In his doctoral dissertation held in Koenigsberg in 1885, Minkowski proposed the conjecture that, unlike the quadratic case, nonnegative homogeneous polynomials of higher degree and more than two variables in general cannot be written as a sum of squares of real polynomials. The problem attracted the attention of Hilbert who in 1888 proved nonconstructively the existence of such polynomials. However, the first concrete example of a nonnegative polynomial which is not a sum of squares seems to have been given only in 1967 by T. S. Motzkin [The arithmetic-geometric inequality, Inequalities (Proc. Sympos. Wright-Patterson Air Force Base, Ohio, 1965), pp. 205-224", Academic Press, New York, 1967].

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As I understand it, Hilbert's original solution to Gordan's Problem was nonconstructive, proving that every algebraic variety over a field had a finite generating set. (His result is now generally cited as "Hilbert's Basis Theorem", that polynomial rings over Noetherian rings are Noetherian.)

In modern day algebraic geometry, Hilbert's nonconstructive argument is replaced by a very constructive process in which one generates a Groebner Basis for the algebraic set.

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Didn't Hilbert himself produce a constructive proof a few years after his non-constructive one? –  Arthur Fischer Aug 20 '12 at 17:24

One example is indeed that of Transcendental numbers, as Yoav Kallus points out in the comments.

Liouville showed in 1844 that numbers which do not satisfy a polynomial equation with integer coefficients exist, but he only gave an example in 1851, the famed Liouville constant, a celebrity among Transcendental numbers:

$$\sum_{n=1}^\infty 10^{-n!}.$$ For more information, see here and here. You might need JSTOR access to read the first.

Cantor however, whose proof of the existence of Transcendental numbers follows directly from the uncountability of the Reals, only came up with his proof in 1874. Whether his proof of the Uncountability of the Reals is constructive or not is something people are still debating, so I will not comment on that. For more information on this, see this Wikipedia Article

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Your link entitled "Wikipedia Article" is broken. –  Lee Mosher Aug 16 '12 at 13:40
@LeeMosher Thanks! Fixed it. –  LeBlanc Aug 17 '12 at 3:08
The Cantor-style proof of the existence of transcendental numbers is certainly constructive. (I didn't see any coherent argument to the contrary on that Wikipedia talk page.) See for instance the comment of Joel David Hamkins here: mathoverflow.net/questions/10334/…, the Monthly article he cites, and my own answer here: mathoverflow.net/questions/20430/… –  Tom Leinster Aug 20 '12 at 18:42

One can give literally hundreds of examples from classical analysis. usually there are 4 stages:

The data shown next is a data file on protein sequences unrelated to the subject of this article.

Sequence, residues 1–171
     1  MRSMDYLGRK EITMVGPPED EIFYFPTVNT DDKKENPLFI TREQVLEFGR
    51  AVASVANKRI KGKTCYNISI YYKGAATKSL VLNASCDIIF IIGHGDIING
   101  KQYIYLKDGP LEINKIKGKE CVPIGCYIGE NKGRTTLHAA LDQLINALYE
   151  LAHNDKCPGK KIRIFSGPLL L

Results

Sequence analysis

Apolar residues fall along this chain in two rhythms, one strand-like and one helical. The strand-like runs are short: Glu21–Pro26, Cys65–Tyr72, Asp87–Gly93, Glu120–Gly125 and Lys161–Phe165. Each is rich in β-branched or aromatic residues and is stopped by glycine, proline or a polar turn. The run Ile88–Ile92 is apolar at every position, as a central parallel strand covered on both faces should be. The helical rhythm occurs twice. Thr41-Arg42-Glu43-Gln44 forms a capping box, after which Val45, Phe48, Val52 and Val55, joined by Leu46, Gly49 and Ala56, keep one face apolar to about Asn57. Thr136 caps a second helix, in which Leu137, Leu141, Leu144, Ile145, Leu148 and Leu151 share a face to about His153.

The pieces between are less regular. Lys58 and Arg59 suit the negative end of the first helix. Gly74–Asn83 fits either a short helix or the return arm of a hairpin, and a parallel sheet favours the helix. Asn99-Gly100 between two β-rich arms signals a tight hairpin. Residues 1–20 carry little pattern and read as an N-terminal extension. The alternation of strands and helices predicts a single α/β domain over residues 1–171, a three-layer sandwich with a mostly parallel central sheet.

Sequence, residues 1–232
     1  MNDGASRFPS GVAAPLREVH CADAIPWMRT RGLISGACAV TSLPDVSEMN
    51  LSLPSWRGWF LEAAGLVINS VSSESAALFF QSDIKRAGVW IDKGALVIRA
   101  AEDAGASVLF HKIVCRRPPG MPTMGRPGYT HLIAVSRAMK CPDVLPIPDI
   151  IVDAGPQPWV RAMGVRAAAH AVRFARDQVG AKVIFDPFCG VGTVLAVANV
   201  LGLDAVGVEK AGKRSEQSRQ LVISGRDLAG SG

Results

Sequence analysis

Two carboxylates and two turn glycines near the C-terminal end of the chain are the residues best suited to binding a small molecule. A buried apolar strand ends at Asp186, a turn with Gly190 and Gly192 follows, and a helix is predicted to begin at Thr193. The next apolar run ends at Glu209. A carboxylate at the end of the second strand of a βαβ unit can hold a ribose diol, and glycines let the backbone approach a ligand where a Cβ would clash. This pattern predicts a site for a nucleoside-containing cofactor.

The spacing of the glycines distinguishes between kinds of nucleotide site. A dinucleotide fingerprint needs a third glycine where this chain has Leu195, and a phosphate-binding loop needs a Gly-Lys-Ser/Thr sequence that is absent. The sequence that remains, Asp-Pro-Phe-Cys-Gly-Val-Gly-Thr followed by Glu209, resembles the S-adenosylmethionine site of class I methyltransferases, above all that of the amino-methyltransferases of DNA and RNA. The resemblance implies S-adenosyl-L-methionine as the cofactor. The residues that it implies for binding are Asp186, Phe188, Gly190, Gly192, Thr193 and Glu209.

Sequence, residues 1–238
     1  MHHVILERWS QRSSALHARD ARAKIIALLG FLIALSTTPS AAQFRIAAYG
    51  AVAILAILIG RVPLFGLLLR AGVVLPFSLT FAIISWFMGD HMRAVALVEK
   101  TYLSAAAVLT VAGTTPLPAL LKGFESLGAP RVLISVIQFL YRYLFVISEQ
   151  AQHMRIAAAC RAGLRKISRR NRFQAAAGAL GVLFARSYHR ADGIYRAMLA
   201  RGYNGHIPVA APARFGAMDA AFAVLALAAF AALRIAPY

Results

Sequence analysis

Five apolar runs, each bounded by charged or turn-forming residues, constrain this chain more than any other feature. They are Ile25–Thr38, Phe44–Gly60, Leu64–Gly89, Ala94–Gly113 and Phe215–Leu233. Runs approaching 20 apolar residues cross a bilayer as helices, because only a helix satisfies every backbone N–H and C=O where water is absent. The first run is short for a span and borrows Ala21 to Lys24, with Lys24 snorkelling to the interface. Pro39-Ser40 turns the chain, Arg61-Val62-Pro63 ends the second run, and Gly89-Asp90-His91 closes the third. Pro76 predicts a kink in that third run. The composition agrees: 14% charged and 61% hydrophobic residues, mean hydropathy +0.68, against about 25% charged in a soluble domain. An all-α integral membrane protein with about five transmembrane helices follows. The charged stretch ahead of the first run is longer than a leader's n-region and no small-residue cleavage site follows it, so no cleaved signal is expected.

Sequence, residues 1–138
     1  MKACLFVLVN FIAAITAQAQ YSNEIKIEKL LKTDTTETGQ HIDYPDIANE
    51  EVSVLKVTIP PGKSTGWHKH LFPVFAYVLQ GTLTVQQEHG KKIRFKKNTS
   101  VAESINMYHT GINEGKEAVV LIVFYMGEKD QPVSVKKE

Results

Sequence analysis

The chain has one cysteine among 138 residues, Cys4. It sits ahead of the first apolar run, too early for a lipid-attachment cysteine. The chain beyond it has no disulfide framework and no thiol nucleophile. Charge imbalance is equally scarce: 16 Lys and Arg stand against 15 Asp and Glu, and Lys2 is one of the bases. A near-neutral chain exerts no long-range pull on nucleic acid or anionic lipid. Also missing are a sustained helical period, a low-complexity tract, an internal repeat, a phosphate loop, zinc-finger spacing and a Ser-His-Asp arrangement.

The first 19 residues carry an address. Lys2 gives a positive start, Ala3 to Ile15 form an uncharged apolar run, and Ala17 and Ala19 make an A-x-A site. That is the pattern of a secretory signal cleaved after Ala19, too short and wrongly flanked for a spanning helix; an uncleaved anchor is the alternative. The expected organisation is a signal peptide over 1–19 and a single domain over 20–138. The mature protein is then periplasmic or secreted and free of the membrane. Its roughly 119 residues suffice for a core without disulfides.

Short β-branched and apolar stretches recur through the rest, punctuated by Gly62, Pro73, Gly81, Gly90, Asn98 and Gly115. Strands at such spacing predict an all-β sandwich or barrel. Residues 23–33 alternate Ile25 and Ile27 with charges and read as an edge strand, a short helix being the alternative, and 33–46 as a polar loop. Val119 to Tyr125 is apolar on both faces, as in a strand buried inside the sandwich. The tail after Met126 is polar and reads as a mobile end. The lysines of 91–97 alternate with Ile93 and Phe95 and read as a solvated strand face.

a) non-conscructive proof that some universal constant exists, usually by compactness arguments (in classical function theory this is called normal families argument).

b) a proof which is constructive "in principle", and gives SOME numerical estimate. Sometimes this estimate is ridiculoisly large (or small), and the author does not even care to write it.

c) Obtaining some reasonable estimate.

On this stage, sometimes a competition starts for better and better estimates, until

d) the exact constant is sometimes obtained. Which usually involves solving a variational problem and description of extremal configuration.

Some stages can be skipped, of course.

Some famous examples include "K\"obe constant", which turned out to be 1/4. Bloch's and Landau constants (they are almost century old, and currently they are on stage c)).

Often the time between a) and b) is small. The largest time usually passes from c) to d), and many problems stop on stage c).

Here are two examples from my own work: arXiv:math/0607743, the time lag between a) and b) was 65 years. arXiv:math/0510502, a problem still in stage a)

The examples from analysis and number theory are so abundant that I don't think it is possible to catalog them.

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Alexandre, this question is only about getting from a) to d). There are "literally hundreds of examples" because you have over-estimated the scope of the question. In particular, getting to stage c) is no guarantee whatsoever that stage d) will actually be reached and without that you are including all possible existence results for which no constructive version is known, rather than examples where the constructive version is known and came after many years. That being said, the K\'obe constant example sounds interesting and relevant. –  Vidit Nanda Aug 15 '12 at 17:20